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Heart Expert Recommends Mandatory Screenings for 18-year-old Mexicans

Update Date: Nov 23, 2013 11:07 AM EST

During the 2013 Mexican Congress of Cardiology meeting, which takes place between Nov. 23 and Nov. 27 at Leon, Guanajuato, Mexico, experts gathered to discuss cardiovascular risk factors and diseases. According to thee experts, cardiovascular diseases have been plaguing the nation, contributing to the relatively high mortality rates. Due to this epidemic, a cardiovascular disease expert is recommending that all 18-year-old Mexicans get mandatory screenings.

"I have proposed to the Mexican government that 18-year-olds should have obligatory measurements of glucose, cholesterol, blood pressure and body mass index (BMI), with repeat assessment every three years. Screening could be done in schools, shopping centers and other public places and if an abnormality is found a strategy should be in place to treat it. This would be easy and inexpensive and I am waiting for the government's response," stated Dr. Enrique C. Morales Villegas, the director of the Cardiometabolic Research Center in Aguascalientes, Mexico.

Villegas stressed the importance of getting screen since Mexicans lead a very unhealthy lifestyle. Villegas stated that the foods in Mexico are considerably worst than some fast food chains. Along with the unhealthy foods, the Mexican's active lifestyle is almost nonexistent. With these two contributing factors, obesity rates have soared in the country leading to an increased risk of cardiovascular complications, when then increase the nation's mortality rates.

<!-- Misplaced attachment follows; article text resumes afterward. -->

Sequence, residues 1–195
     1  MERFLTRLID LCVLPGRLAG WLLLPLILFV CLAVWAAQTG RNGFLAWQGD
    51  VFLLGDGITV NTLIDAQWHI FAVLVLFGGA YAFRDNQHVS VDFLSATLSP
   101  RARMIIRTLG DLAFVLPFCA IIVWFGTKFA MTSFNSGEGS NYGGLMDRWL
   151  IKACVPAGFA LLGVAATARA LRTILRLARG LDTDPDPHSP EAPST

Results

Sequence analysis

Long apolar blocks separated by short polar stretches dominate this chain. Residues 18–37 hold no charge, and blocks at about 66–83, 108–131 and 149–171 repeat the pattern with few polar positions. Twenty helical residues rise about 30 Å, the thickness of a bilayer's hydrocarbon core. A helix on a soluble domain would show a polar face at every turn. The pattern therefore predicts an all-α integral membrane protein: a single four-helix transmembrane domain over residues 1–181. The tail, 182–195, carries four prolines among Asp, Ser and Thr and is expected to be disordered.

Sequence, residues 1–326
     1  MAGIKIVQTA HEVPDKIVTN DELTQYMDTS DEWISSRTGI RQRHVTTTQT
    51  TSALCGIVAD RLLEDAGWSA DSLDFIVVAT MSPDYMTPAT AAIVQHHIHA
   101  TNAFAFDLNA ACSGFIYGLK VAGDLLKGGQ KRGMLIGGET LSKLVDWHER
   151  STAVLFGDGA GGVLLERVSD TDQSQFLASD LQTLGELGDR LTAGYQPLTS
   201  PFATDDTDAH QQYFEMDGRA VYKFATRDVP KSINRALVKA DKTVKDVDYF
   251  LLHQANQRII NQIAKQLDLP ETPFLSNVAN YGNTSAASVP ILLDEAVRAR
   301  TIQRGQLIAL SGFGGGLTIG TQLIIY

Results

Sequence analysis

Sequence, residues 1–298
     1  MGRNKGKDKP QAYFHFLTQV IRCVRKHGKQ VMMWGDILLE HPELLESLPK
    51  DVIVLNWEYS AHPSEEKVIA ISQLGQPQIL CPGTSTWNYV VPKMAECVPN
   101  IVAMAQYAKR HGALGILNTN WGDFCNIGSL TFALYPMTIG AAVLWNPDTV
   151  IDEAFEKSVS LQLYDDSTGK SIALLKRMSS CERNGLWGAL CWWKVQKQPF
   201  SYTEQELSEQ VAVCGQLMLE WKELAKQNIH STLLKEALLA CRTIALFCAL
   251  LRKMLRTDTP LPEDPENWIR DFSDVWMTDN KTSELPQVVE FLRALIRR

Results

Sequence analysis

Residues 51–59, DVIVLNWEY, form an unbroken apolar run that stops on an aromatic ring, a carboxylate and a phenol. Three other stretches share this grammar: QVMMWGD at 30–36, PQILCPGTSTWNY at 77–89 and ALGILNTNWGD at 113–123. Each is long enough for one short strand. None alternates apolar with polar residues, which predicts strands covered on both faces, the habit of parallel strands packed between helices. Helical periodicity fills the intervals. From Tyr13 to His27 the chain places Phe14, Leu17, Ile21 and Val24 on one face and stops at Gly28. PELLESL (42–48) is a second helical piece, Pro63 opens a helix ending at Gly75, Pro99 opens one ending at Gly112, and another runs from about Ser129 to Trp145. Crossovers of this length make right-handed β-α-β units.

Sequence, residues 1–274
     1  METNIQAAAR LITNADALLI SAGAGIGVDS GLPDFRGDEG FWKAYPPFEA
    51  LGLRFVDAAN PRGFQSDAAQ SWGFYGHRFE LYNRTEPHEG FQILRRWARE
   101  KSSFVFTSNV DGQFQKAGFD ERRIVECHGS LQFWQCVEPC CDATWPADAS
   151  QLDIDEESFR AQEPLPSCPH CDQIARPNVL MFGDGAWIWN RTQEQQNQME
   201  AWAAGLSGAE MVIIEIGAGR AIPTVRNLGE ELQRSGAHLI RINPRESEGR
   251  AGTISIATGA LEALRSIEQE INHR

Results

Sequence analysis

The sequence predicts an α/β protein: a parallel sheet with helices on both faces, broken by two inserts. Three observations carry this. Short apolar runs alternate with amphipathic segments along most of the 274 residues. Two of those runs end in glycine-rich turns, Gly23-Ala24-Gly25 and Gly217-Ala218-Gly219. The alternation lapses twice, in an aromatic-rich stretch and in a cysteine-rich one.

"People eat too much and everyday they watch 4 hours of TV, spend 2 hours at the computer and do less than 10 minutes of physical activity," Villegas added according to Medical Xpress. "This combination of poor diet and sedentary lifestyles is the main cause of Mexico's obesity epidemic. Obesity is not just an aesthetic problem, it's a profound health problem and the consequences are diabetes, hypertension and hypercholesterolemia (high blood lipids) - all known as cardiometabolic risk factors."

Background information provided by the report stated that from 2009 to 2010, the mortality rate tied to cardiovascular diseases and diabetes increased by 9.5 percent going from 189,000 to 207,000. The most recent Mexican national survey of health and nutrition found that 73 percent of women, 69 percent of men and 35 percent of children are either overweight or obese. The high rates of obesity contribute to many debilitating health issues. In order to detect heart disease before it kills, Villegas is recommending that the country enforce mandatory screenings.

"In addition to the high prevalence of cardiovascular risk factors in Mexico we have low detection. Just 50% of people with diabetes, hypertension or hypercholesterolemia know they have it. Of those who do know, only 50% receive treatment. And of those treated, just 50% reach the treatment goals in the ESC Clinical Practice Guidelines on diabetes, (2) hypertension (3) and hypercholesterolemia. (4) At the end of the day just 12.5% of people with one cardiovascular risk factor have it detected, treated and controlled," Villegas said.

Villegas hopes that if there are mandatory screenings for adults, more lives could be saved.

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